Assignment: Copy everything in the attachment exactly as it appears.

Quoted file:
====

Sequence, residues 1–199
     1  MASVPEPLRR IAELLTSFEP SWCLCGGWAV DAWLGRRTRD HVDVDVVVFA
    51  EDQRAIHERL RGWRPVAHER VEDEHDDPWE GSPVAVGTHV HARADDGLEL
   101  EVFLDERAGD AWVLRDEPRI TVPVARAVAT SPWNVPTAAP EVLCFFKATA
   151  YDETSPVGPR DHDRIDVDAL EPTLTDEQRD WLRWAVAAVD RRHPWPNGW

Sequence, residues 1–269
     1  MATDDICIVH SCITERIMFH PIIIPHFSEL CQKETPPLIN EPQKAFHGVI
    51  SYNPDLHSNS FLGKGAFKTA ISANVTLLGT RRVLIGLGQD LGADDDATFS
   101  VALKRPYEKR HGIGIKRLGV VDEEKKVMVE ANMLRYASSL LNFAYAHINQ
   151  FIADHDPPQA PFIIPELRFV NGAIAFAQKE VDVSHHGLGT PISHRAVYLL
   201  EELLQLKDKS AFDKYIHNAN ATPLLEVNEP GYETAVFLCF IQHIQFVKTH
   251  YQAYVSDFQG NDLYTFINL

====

Sequence, residues 1–199
     1  MASVPEPLRR IAELLTSFEP SWCLCGGWAV DAWLGRRTRD HVDVDVVVFA
    51  EDQRAIHERL RGWRPVAHER VEDEHDDPWE GSPVAVGTHV HARADDGLEL
   101  EVFLDERAGD AWVLRDEPRI TVPVARAVAT SPWNVPTAAP EVLCFFKATA
   151  YDETSPVGPR DHDRIDVDAL EPTLTDEQRD WLRWAVAAVD RRHPWPNGW

Sequence, residues 1–269
     1  MATDDICIVH SCITERIMFH PIIIPHFSEL CQKETPPLIN EPQKAFHGVI
    51  SYNPDLHSNS FLGKGAFKTA ISANVTLLGT RRVLIGLGQD LGADDDATFS
   101  VALKRPYEKR HGIGIKRLGV VDEEKKVMVE ANMLRYASSL LNFAYAHINQ
   151  FIADHDPPQA PFIIPELRFV NGAIAFAQKE VDVSHHGLGT PISHRAVYLL
   201  EELLQLKDKS AFDKYIHNAN ATPLLEVNEP GYETAVFLCF IQHIQFVKTH
   251  YQAYVSDFQG NDLYTFINL